Somerton—then merely Leopold, Viscount Kildrake—had beamed with embarrassed pride. He had returned home from school just the day before for the summer holiday, and apart from the butler, who had made the arrangements for his journey, nobody in the house seemed to have noticed his arrival. “Yes, sir,” he said.
“You’re rising fourteen now, aren’t you?”
“Fifteen today, sir.”
“Today! By God!” The earl’s red-tipped nose had dipped toward his. “Been having a go at the housemaids, have you?”
A bolt of pure fright went through young Leopold’s body, as if his father had just read his thoughts. Not that he’d attempted a single housemaid—he hadn’t dared to poach on his father’s established turf—but he’d admired them from afar. Plump bosoms and round arses and . . . He folded his hands behind his back and dug his fingers hard into his skin, because his unruly young adolescent body was already responding to the mere suggestion of female flesh. “No, sir!”
“No?” A perplexed scowl. “Well, then. Come along with me.”
It was ten o’clock in the evening, and Leopold had been on his way upstairs to undress for bed, after a solitary dinner in the family dining room. (His mother was attending three different balls that evening and took the usual tray in her dressing room during her two-hour preparatory toilette.) “Yes, sir,” he’d said, and walked outside to the waiting carriage with his father. They had proceeded to his father’s favorite brothel, where Leopold had lost his virginity to a plump forty-year-old whore in one room while the Earl of Somerton had expired of a stroke in another.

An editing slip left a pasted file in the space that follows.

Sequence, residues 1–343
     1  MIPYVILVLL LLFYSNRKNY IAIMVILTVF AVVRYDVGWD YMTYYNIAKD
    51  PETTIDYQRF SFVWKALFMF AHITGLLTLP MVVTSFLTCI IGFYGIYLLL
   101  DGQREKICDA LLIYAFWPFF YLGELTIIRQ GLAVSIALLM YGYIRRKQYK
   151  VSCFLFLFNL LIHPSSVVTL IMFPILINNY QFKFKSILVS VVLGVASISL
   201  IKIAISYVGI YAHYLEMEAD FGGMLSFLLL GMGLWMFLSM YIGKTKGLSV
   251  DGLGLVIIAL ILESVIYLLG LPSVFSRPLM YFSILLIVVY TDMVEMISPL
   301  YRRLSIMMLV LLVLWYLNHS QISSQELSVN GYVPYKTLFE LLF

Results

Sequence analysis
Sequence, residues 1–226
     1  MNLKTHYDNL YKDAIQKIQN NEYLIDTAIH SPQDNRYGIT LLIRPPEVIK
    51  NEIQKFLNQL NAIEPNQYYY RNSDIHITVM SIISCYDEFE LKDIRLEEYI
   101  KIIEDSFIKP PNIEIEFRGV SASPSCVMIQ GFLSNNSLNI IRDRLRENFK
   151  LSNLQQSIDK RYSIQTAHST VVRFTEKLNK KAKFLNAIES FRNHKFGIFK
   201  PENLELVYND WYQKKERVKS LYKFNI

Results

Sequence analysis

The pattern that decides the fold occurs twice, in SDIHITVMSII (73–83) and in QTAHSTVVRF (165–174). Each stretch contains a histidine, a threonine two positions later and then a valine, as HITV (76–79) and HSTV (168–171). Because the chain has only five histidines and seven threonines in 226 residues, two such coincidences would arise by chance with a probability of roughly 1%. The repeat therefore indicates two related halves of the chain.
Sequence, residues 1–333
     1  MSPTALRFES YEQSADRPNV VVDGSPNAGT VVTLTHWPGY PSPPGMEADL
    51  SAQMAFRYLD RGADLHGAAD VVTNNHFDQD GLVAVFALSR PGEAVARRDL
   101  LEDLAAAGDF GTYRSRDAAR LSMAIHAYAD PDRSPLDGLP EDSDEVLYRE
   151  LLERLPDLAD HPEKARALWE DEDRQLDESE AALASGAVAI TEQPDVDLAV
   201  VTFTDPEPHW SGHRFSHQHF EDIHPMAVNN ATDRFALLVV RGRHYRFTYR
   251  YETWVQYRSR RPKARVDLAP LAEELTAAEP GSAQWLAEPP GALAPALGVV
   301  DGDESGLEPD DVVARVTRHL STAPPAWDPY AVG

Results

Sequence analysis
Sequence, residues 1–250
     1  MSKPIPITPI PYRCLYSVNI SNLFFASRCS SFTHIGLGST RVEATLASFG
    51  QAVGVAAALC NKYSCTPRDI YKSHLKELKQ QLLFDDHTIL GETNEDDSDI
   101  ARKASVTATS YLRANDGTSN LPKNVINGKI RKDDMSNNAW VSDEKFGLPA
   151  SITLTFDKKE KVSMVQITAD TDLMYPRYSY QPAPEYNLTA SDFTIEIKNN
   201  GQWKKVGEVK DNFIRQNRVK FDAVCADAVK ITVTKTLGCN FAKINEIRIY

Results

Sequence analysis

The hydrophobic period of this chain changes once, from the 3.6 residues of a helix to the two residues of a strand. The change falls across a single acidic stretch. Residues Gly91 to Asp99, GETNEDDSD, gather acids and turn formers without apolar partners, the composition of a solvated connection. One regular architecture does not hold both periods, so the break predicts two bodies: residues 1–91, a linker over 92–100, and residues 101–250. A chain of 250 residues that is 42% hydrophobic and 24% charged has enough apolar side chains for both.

In the curious way of memory, he recalled little of the carnal act itself, or how he had come to be lying in mingled shock and shame atop the wide white belly of his companion, veins still throbbing, at the vivid instant when his father’s two strumpets had burst naked through the doorway screaming, He’s dead! He’d dead! God save us! He was still wearing his shirt, and his trousers were tangled around his ankles; he remembered that, because he had tripped off the bed and fallen on his face, and the whore had laughed. “Why, then, you’re the earl now! And I’ve got your mess in my cunt this instant, bless me! Ha-ha!”
He’d turned red with humiliation at the words mess and cunt;he’d turned black with horror at the words He’s dead, which the other two prostitutes were still screeching, over and over. Eventually the proprietress had swept through and sorted out the bedlam, arranged for a discreet visit by a friendly pair of police inspectors, apologized profusely to the new Earl of Somerton and hoped he would continue to favor Cousin Hannah’s with his custom.
In fact, Cousin Hannah sat before him now: a different and younger Hannah, in the way of things, but just as efficient. Her violet skirts pooled on the chair about her, and her copious bosom was buttoned up to the throat, because it was daytime. By some miracle of corsetry, her waist appeared almost as narrow as her neck.
She released the stopper of a slim bottle of brandy, allowed a luxurious splash into the teacup below, and stirred with a dainty spoon of well-polished Sheffield plate. She motioned the bottle in Somerton’s direction. He shook his head patiently.